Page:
Englishtown council opposes directive from Attorney General

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ENGLISHTOWN – Members of the Englishtown Borough Council have passed a resolution opposing the Immigrant Trust Directive, which was issued by New Jersey Attorney General Gurbir S. Grewal and became effective in March.

Grewal’s directive limits the types of voluntary assistance the officers of state, county and local law enforcement agencies may provide to federal civil immigration authorities, including U.S. Immigration and Customs Enforcement (ICE).

According to the state, the directive, among other things, prevents police officers from stopping, questioning, arresting, searching or detaining an individual based solely on actual or suspected immigration status; from asking the immigration status of any individual unless doing so is necessary to the ongoing investigation of a serious offense and relevant to the offense under investigation; from participating in ICE civil immigration enforcement operations; and from providing ICE with access to state or local law enforcement resources.

According to the state, the directive does not provide sanctuary to individuals who commit crimes in New Jersey; limit the ability of law enforcement officers to enforce state criminal law; restrict officers from complying with the requirements of federal law; prevent officers from enforcing valid court orders; or stop officers from assisting federal immigration authorities in response to exigent circumstances, among other things.

The council’s resolution states Englishtown’s support for Monmouth County Sheriff Shaun Golden’s continuing cooperation with ICE agents. The Monmouth County Sheriff’s Office has been participating in a federal program referred to as 287(g) at the Monmouth County jail.

The program, which is an agreement between ICE and the sheriff’s office, delegates nominated, trained, certified and authorized personnel from the sheriff’s office to perform certain immigration enforcement functions.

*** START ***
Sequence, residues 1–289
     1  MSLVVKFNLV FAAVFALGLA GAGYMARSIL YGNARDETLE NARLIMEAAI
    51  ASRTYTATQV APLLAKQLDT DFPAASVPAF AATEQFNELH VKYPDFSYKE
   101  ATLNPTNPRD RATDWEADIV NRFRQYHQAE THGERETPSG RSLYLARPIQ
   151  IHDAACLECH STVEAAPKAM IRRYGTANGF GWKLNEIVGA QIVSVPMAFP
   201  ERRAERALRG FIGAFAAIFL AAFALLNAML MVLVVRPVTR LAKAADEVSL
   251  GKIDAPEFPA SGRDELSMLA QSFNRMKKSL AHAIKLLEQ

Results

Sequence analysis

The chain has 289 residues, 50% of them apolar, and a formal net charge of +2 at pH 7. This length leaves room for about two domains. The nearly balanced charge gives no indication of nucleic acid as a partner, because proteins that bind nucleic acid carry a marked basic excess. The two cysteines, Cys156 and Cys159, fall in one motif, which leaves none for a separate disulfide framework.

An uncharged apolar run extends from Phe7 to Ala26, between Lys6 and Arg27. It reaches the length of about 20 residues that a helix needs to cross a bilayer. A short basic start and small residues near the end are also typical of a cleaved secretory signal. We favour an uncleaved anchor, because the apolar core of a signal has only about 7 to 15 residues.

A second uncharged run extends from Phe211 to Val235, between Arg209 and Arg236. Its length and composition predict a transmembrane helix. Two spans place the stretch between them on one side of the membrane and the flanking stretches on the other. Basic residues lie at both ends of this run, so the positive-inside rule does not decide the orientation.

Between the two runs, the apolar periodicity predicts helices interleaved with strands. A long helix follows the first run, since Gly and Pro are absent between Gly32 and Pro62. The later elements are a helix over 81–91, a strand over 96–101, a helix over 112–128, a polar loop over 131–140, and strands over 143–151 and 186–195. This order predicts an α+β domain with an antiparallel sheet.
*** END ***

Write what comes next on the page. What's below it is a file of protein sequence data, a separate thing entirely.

As a result of the attorney general’s directive, state, county and local law enforcement officers are prohibited from entering into, modifying or extending a 287(g) agreement with ICE.

The Englishtown council’s resolution states that the directive’s rationale is to draw a clear line between enforcement of state laws by New Jersey’s law enforcement officers and enforcement of federal laws by federal immigration enforcement officers, which is intended to maintain trust for local police in immigrant communities.

In response, the resolution states that a central precept of immigrants becoming American citizens is the oath of allegiance to the United States, compliance with the nation’s laws and respect for its institutions, and that no immigrant legally entering the country should fear federal, state or local law enforcement personnel as they all exist to serve and protect the public and ensure peace and public order in communities.

The resolution states that all elected and appointed state and local officials swear an oath to uphold and defend the U.S. Constitution and the New Jersey Constitution and all of the laws contained in those documents.

“It is the considered opinion of the mayor and council that a directive issued by the highest law enforcement official of the state prohibiting local and county law enforcement officials from duties is inappropriate and exceeds the lawful authority of the Attorney General,” borough officials said in the resolution.

“Continued cooperation between local and federal law enforcement agencies is in the public interest, necessary and proper to the fair administration of justice in New Jersey,” Englishtown’s officials said.

Councilman Gregory Wojyn said the council’s resolution would not be able to directly impact Grewal’s directive, but would demonstrate the governing body’s position on the issue.

“The attorney general forced the sheriff’s hand,” Wojyn said. “This is so we are on the record.”